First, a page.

Tuesday, June 16, 2009

The Face On Your Plate

Mom started reading this book last week and while it might not be something I would read, she says that the messages it contains are very powerful and eye opening. Mom has read lots of books on the effects of the standard American diet in the past, but this book reaffirms what she knows in her heart to be true - the lower down on the food chain you eat, the better. Better not just for your health but also for the health of the planet.

The author, Jeffrey Moussaieff Masson, tells us that this book "raises questions to make us conscious of the decision behind every bite we take: What effect does eating animals have on our land, and even on global warming? What are the results of farming practices on animals and humans?" Have you ever thought about these things before? If not, then you need to read this book. Why? Because we need to educate ourselves about these things before it is too late.

One of the most powerful message comes on the first page of the book. This quote appears as the opening to chapter one and it comes from World Watch magazine:

"The human appetite for animal flesh is a driving force behind virtually every major category of environmental damage now threatening the human future - deforestation, erosion, fresh water scarcity, air and water pollution, climate change, biodiversity loss, social injustice, the destabilization of communities and the spread of disease."

Wow! All these problems from just eating meat. I bet you never even think about what eating meat does to the planet, but this one statement says it all. You probably witness or hear about at least one of these problems every so often in your daily life but you think to yourself it doesn't really affect me. All of these things affect you because what affects one person affects all people.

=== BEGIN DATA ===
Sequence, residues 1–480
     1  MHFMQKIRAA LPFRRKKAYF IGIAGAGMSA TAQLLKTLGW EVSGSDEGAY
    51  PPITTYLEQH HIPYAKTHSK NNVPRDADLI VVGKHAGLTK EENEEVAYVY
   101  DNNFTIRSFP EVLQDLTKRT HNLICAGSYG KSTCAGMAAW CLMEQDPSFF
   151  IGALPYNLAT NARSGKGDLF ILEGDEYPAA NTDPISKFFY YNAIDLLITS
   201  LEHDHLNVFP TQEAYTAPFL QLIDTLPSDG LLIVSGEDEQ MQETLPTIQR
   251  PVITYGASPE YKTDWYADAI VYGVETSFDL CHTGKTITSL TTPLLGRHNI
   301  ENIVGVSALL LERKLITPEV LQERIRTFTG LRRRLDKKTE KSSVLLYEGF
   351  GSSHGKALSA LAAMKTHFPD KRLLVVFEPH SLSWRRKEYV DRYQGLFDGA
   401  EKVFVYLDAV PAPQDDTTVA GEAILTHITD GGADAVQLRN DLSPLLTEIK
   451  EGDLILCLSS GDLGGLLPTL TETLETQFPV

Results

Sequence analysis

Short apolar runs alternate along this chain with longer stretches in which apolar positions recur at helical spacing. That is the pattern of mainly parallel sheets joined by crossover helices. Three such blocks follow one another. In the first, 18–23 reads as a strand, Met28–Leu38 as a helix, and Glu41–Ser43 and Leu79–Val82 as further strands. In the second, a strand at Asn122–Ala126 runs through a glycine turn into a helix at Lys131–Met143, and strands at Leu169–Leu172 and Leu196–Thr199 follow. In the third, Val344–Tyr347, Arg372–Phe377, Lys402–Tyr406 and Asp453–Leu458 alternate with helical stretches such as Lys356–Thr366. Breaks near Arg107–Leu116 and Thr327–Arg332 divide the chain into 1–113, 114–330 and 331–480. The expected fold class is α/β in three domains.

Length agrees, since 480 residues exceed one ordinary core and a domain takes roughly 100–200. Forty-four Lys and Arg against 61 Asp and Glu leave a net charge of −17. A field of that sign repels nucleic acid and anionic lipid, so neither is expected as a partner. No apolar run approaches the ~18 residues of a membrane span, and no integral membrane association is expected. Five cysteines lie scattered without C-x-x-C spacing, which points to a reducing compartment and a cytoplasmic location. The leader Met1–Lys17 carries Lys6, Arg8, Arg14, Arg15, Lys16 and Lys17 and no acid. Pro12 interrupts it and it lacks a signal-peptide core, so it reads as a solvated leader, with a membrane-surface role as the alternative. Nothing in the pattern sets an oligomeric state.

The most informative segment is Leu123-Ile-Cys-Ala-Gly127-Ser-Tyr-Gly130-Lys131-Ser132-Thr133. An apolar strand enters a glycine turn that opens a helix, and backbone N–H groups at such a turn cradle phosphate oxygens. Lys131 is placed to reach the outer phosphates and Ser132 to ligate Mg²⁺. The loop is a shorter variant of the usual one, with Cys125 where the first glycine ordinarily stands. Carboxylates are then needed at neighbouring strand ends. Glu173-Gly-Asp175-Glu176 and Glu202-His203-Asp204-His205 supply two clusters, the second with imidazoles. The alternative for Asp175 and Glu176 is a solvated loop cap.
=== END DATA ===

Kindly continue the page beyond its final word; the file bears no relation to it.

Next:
Think about deforestation for a minute. Mom witnessed lots of deforestation in Costa Rica. Huge swaths of rainforest were being clear cut to make way for cattle farms. Cattle = meat. Meat to feed the burgeoning tourist populations that travel to Costa Rica each day. Meat to also feed the ever increase Costa Rican people who want to eat like Americans. How does deforestation in Costa Rica affect you living in the United States? Think about it.

Air and water pollution may not seem like a sexy category but we all need air to breathe and water to drink or we will die. It's as simple as that. While most of the world does not have access to clean drinking water, we pollute ours with factory farm waste - yuk! According to the EPA, factory farm runoff is a greater source of pollution than all other industrial sources combined. This is not good news. In the U.S. alone these animals produce 87,000 pounds of waste every second. This is such a hard figure to get your hands around but ask yourself where this waste ends up. Also, what exactly is in this waste?

Animals are given antibiotics and hormones on a daily basis to keep them free from infection and to help bulk them up. These drugs are in the animals, thus in their waste (not to mention the burgers you eat). This waste pollutes our rivers and lakes killing or injuring the animals that live there. Okay, so? The animals that live in rivers and lakes are food for other animals, so if they are dead or diseased, they are no longer a food source. This domino affect is how our ecosystems work. Each species is dependent on other species for their survival so an absence of one could mean death to many.

It's hard to say which category listed above poses the biggest threat to people around the globe but let's talk about global climate change since it seems like it's always in the news. Cows are a bigger threat to global climate change that automobiles. Eating meat is like driving a huge SUV on steroids. Why? Because methane has 23 times the global warming effect as CO2 and nearly 2/3 of all methane emissions around the world are from agriculture. Cows in particular expelled methane by burping (95%) and farting (5%). If there weren't such an ever increasing demand for meat, there might not be a global climate crisis.